But the Van Buren sisters decided it was time to make a statement about how ridiculous all that was. So they put on military-style leggings and leather riding breeches, climbed on a pair of 1000 cc Indian Power Plus motorcycles in Brooklyn, New York, and set out across country to prove that women could carry military dispatches in a war zone, freeing up men to do other tasks.
Sixty days and 5,500 miles later, Addie and Gussie had proven their point. All it required of them was that they traverse awful roads through heavy rains and mud and the Rocky Mountains. They had to climb Pike's Peak. They had to be saved by a prospector when they ran out of water in the Mojave Desert. They even had to cross the Mexican border at Tijuana to complete their journey. And they did all that without flinching.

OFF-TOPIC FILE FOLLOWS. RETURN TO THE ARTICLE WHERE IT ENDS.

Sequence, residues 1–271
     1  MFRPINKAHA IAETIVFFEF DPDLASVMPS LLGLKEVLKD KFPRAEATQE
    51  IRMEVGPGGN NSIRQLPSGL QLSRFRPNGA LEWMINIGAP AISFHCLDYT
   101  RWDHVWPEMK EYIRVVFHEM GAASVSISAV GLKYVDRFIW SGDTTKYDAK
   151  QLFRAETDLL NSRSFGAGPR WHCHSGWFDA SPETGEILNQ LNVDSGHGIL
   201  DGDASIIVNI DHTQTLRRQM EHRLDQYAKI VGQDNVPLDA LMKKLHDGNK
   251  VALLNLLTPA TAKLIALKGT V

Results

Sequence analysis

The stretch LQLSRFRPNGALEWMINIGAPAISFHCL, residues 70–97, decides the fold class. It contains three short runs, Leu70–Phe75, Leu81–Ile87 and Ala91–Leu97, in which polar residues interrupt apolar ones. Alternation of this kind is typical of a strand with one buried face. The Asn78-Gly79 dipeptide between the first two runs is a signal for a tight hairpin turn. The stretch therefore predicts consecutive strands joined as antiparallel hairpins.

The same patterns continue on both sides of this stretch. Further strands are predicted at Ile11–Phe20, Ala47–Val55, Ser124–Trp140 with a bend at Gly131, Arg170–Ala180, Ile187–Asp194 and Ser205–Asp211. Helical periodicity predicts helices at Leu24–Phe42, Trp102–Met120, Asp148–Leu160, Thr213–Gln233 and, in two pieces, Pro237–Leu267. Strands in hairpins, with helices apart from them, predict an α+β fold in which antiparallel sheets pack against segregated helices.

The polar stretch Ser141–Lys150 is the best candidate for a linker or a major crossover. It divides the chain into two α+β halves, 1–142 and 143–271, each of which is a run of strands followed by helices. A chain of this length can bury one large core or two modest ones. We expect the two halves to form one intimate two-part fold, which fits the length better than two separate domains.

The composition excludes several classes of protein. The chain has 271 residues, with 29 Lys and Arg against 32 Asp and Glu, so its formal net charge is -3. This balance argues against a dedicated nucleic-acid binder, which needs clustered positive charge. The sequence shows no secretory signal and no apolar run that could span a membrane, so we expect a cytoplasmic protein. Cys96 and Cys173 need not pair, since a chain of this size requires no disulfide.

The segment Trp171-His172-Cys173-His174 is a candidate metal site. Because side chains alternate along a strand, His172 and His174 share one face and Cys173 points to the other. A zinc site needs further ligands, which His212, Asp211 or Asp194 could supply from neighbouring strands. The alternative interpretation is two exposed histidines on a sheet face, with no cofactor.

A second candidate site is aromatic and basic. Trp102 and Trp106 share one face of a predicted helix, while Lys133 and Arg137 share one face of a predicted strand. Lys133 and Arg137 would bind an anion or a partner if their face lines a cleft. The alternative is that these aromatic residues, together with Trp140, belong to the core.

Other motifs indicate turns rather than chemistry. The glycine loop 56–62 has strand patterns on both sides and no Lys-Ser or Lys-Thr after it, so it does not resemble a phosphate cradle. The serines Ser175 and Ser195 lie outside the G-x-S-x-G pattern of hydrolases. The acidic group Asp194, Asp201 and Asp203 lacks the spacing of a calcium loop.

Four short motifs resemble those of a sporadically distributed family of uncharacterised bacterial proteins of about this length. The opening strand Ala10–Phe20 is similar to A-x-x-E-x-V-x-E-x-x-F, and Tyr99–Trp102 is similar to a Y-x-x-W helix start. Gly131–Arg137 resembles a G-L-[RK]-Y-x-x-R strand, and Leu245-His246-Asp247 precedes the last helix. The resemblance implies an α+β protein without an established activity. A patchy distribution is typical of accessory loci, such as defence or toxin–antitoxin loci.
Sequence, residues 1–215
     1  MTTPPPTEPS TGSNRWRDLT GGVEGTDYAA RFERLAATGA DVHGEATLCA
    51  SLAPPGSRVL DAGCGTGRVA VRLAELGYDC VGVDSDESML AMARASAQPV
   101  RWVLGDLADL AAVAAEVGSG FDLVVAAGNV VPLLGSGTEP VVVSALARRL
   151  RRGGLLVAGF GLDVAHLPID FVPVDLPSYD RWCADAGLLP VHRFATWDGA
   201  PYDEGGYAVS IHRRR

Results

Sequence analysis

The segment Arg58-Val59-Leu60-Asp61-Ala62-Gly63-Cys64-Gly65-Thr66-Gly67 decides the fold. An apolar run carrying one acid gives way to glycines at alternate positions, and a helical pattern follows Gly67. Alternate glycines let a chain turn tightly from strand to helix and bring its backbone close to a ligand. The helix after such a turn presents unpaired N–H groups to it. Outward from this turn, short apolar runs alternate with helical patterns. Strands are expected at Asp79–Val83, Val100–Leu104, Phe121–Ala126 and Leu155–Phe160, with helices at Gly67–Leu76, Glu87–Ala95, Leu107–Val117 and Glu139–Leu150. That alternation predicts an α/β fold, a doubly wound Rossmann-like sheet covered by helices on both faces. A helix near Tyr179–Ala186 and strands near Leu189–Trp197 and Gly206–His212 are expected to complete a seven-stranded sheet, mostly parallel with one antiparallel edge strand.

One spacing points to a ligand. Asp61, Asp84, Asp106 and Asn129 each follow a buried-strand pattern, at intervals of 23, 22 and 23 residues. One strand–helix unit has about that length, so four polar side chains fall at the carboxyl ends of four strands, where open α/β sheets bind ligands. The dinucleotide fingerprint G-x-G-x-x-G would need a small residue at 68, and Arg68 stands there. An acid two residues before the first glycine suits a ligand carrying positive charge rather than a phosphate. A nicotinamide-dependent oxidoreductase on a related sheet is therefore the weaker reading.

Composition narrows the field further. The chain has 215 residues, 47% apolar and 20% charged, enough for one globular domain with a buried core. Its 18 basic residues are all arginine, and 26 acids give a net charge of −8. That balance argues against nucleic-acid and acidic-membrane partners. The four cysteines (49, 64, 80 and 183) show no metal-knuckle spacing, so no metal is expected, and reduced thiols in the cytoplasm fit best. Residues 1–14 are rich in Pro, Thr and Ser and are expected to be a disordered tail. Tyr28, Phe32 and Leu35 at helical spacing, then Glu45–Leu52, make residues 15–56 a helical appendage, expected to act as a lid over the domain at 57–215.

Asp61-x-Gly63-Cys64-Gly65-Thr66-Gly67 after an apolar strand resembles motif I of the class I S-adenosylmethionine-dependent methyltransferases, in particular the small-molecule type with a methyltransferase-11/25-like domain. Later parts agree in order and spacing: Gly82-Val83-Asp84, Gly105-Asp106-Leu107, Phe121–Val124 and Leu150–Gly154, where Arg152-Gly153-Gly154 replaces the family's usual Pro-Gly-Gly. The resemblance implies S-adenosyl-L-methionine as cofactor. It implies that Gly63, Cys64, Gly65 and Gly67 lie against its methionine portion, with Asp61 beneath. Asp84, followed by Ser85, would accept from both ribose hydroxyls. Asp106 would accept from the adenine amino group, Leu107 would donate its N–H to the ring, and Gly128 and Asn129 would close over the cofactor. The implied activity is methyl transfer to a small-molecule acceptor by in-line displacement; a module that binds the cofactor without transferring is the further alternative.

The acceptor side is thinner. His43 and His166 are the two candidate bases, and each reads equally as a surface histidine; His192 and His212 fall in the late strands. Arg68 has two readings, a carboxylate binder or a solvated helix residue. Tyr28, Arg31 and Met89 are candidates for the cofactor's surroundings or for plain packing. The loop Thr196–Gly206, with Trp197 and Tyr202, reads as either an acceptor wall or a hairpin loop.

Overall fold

In spite of it all, however, not only were the two sisters still not allowed to join the military (or vote), but all along the route, they were repeatedly arrested by local police officers offended that the two were wearing "men's" clothing. The bikes were praised, but not the women. Newspaper articles criticized them at every turn for displaying their "charms" in public and using the military preparedness issue to escape their "appropriate" roles as wives and mothers.
Addie countered by becoming a lawyer and Gussie by becoming a pilot. So much for being ashamed of themselves. In-your-face women are too busy having fun to care if somebody else doesn't want them to.